Last night in Herbst Theatre, Chamber Music San Francisco presented a concert given by the Israeli Chamber Project (ICP). Celebrating its tenth anniversary, this group brings together a rather distinctive collection of resources. There is a string quartet consisting of violinists Daniel Bard and Carmit Zori, violist Dmitri Murrath, and cellist Michal Korman. They are joined by two wind players, Guy Eshed on flute and Tibi Cziger on clarinet, as well as pianist Assaff Weisman; but what really distinguishes the group is the presence of harpist Sivan Magen.
Magen was, by far, the most impressive member of the group. He performed in five of the six offerings on the program. His role in the group encompassed solo work, accompaniment, and ensemble performance, all of which he managed with an impressive combination of both technical discipline and rhetorical expressiveness.
The most interesting offering of the evening involved almost the entire group. Only violinist Zori was absent. The work was an arrangement by Yuval Shapiro of four selections from Igor Stravinsky’s score for the ballet “Petrushka.” Stravinsky planned a key role for the piano in this score, and he later prepared arrangements for solo piano of three excerpts from the full score. Shapiro drew upon Stravinsky’s excerpts but added a chamber realization of the opening scene.
This was no mean feat. Michel Fokine’s scenario is set in the celebration of the Shrovetide Fair (the Russian version of Mardi Gras) in Saint Petersburg. He choreographed a plethora of independent activities, each happening in different areas of the stage and sometimes bumping into each other. Stravinsky’s musical setting of this “organized chaos” was nothing short of pure genius; and, as might be guessed, he worked his orchestral resources to the max.
Nevertheless, Shapiro managed to distill all that chaos down to the capabilities of only six instruments. The fact that he used both piano and harp gave him more leverage than can be found in most chamber groups. Nevertheless, his use of individual instrumental voices was strikingly imaginative without ever going against Stravinsky’s grain.
There was even a brief moment when Shapiro’s arrangement succeeded where most conductors of a large ensemble never quite manage Stravinsky’s overwhelming demands. This took place in the concluding excerpt, when the action of the ballet returns to the fairgrounds. In the midst of this final round of chaos, Stravinsky wove his very opening theme into his thick instrumental fabric, assigning it to only two flutes and two piccolos. The rest of the orchestra is roaring out the theme for the “Dance of the Nursemaids;” and very few conductors seem to care very much whether or not those flutes and piccolos can be heard within the din. Playing with his ICP colleagues, on the other hand, Eshed had no problems with the audibility of his part!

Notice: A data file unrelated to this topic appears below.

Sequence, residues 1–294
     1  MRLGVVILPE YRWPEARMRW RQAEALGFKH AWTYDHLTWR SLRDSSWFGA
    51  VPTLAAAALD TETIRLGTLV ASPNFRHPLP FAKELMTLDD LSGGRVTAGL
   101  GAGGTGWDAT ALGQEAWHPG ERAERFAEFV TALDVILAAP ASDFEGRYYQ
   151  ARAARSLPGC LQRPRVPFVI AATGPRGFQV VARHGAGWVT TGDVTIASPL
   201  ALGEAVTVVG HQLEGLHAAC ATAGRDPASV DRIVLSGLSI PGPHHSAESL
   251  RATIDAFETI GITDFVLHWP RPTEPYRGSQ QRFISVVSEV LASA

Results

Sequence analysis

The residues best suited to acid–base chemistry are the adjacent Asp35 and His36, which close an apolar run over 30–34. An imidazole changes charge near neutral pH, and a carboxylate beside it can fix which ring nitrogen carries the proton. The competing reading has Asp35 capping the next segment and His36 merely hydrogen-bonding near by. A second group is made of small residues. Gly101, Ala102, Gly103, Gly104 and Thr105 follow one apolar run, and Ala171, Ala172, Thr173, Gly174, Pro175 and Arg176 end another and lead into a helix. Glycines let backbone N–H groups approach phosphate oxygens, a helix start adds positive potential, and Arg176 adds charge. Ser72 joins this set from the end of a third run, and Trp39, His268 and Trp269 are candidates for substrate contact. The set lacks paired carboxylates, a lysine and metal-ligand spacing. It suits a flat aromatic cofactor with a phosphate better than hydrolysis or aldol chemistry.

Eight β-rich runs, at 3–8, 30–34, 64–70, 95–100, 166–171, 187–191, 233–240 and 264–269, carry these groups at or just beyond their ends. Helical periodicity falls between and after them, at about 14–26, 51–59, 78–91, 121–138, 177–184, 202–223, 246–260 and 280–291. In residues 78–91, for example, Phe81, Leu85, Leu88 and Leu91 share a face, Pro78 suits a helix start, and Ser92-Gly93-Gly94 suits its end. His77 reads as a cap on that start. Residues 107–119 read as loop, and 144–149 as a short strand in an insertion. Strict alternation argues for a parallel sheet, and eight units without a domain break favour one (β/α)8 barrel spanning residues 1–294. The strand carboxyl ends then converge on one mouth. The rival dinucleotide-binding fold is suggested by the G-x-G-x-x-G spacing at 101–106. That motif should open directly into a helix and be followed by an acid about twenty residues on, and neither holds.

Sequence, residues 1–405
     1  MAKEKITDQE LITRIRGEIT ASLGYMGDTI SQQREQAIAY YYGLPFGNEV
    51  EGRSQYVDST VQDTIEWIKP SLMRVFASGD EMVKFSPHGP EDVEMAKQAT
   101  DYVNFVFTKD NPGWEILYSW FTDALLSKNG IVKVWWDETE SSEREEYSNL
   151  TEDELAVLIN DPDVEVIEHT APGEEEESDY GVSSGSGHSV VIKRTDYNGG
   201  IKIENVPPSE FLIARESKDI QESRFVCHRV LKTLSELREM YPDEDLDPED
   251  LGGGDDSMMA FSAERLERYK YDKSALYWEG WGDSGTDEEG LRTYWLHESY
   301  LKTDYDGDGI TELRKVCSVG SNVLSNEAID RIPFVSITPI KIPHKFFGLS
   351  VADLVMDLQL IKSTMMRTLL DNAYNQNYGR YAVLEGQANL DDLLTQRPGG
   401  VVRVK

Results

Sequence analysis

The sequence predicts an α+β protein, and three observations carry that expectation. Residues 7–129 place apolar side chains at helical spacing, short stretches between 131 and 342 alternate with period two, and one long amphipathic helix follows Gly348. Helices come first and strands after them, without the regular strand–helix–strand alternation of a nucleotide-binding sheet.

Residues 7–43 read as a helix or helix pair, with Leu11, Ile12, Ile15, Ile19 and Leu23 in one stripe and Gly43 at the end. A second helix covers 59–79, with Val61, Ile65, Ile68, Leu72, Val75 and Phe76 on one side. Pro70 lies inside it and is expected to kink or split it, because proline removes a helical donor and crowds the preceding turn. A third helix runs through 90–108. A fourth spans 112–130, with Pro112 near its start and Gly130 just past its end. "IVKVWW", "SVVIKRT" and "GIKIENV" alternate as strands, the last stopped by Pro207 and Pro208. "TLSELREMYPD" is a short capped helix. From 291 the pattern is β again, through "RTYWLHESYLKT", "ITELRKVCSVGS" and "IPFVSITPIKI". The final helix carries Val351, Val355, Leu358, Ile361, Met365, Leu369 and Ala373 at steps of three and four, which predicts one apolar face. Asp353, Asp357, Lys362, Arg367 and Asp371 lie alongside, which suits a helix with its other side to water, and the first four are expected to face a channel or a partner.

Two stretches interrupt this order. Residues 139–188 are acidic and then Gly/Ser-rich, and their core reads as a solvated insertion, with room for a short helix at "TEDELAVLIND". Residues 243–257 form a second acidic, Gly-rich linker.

As an accompanist, Magen joined Cziger for the opening selection of the evening. This was Robert Schumann’s Opus 94, a set of three romances, which were originally scored for oboe and piano. (This was Schumann’s only composition for oboe.) The program did not credit an arranger, and Cziger could easily have been playing directly from the oboe part. It would not surprise me to learn that Magen was similarly reading off of the piano part; and the result was impressively convincing.
During the second half of the program, Magen returned to the piano literature. This time he played his own arrangements of piano music by both Schumann and Johannes Brahms. The Schumann selection was the “Intermezzo” movement from Faschingsschwank aus Wien (shifting the pre-Lenten carnival from Saint Petersburg to Vienna). More challenging was the second of the three Opus 117 intermezzo compositions by Johannes Brahms.
Both of these were impressive undertakings, and Magen gave a skillful account of his arrangement efforts. Nevertheless, while this included sensitive awareness of basic thematic content, it was still clear that a harp could not replace a piano where these two composers were involved. Both of them showed as much attention to the melodic lines of inner voices as they did to the primary themes. However, while inner voices can be brought out by proper finger control on a piano keyboard, both physics and physiology work against achieving the same results on a harp. Thus, while Magen’s arrangements provided an excellent platform for his technical skills, that platform could not really support the full musicianship behind the music he chose to arrange.
Sadly, the most evident weakness of ICP resided in its string players. Neither Bard nor Korman were able to bring the necessary assertiveness to Shapiro’s Stravinsky arrangement, and things went downhill in the remaining selections. The full quartet never really balanced with the flute, clarinet, and harp in the performance of Maurice Ravel’s Introduction and Allegro movements. However, this was but an omen of a painfully uncomfortable account of Schumann’s Opus 44 quintet for piano and string in E-flat major, which concluded the evening. Whether it involved intonation, balance, or phrasing, none of the string players knew how to engage with either each other or Weisman’s piano work. Such an approach to a relatively familiar selection made it hard to believe that these musicians have been working as a group for ten years.